You are given an "emotion-lexicon" which categorizes each word based on whether it expersses one of these ten emotions:

Each line in the file starts with a word. The following word on the line is one of these ten emtions which is followed by a number, 0 or 1, which explains if the word expresses that emotion. If a word has a 1 that means it does express that emotion and if it has a 0 it does not express that emotion.

def make_emotion_dict(filename):
	This function takes in an emotion lexicon and returns a dictionary where 
	the key is the word and the value is the score for that word for the given EMOTION.
	Each line on the file has 3 values. The first is the word, the second is an emotion, and the third is 
	a value (either 0 or 1) which explains if the word expresses that emotion. 
	In this function, you should create a dictionary for every word in the file and store its score 
	for the emotion that the emotion constant is equal to. 
	For example, the line 'memorable joy 1' would correspond to {'joy': 1} 
	whereas the line 'memorandum fear 0' would not correspond to any value in the dictionary because it is the wrong emotion.

Milestone 2: Scoring a sentence

You are given a single sentence represented as a list of words and the complete emotion dictionary that you built in the previous milestone. Your job is to go over each word in the sentence and sum up their corresponding values in the dictionary. If a word is not in the dictionary, it can be ignored in the sum. Your dictionary stores lower case versions of words, so make sure to covert every word to lower case before checking if it is in the dictionary.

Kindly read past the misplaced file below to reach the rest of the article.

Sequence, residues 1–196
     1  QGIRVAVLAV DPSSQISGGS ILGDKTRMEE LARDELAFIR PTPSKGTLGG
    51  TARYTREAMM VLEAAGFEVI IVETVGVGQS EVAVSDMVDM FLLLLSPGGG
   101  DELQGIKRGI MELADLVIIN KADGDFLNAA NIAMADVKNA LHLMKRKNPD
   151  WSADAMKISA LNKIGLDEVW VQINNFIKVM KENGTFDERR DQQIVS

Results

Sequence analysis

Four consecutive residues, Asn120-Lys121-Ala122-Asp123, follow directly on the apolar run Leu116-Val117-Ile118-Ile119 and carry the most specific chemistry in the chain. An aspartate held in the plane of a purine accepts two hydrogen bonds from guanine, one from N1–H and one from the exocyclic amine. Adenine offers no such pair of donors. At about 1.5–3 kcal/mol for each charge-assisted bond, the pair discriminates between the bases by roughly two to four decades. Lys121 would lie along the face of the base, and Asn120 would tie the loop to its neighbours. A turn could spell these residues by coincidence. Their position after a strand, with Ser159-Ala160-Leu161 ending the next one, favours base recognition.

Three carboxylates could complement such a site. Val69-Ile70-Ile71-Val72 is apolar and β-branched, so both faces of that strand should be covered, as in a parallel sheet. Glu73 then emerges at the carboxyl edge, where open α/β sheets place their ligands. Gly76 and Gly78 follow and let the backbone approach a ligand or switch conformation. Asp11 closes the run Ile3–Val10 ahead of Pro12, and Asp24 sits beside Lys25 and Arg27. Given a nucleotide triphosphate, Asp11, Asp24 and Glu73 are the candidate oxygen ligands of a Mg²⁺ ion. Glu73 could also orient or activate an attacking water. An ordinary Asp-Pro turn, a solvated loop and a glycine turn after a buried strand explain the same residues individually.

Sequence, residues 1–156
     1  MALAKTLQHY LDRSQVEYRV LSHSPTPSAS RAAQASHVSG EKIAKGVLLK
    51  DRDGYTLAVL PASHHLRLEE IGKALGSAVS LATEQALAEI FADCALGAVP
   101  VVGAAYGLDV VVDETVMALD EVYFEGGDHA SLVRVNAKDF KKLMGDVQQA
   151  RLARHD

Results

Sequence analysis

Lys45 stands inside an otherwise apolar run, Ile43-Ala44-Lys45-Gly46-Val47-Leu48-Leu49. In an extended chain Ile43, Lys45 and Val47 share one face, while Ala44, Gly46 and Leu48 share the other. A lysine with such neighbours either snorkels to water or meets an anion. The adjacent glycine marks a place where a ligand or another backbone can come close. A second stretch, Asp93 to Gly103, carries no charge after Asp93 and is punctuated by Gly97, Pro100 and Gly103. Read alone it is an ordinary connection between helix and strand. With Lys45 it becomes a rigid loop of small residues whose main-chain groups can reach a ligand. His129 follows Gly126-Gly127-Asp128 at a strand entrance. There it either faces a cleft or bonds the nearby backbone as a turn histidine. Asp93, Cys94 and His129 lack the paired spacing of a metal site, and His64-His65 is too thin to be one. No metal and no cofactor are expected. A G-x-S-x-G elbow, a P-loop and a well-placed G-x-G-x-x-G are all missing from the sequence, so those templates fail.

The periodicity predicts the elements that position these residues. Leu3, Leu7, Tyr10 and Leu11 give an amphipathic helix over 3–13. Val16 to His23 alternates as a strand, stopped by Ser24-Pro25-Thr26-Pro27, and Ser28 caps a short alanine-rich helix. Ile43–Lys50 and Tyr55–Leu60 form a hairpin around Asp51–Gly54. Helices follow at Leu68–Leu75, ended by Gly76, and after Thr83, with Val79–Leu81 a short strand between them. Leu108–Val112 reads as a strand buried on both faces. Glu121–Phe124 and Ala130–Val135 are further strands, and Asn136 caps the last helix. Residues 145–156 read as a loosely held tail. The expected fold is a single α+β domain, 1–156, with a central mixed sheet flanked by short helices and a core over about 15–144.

def sum_sentence(sentence, emotion_dict):
	This function goes over each word in the sentence and sums up their corresponding values in the dictionary. 
	If a word is not in the dictionary, it is ignored. Make sure that words can be any case. 
	It returns this sum. 

	>>> emotion_dict = {'happy':1, 'birthday':1}
    >>> sum_sentence(['Happy', 'Birthday', 'Mehran!'], emotion_dict)

Milestone 3: Reading a File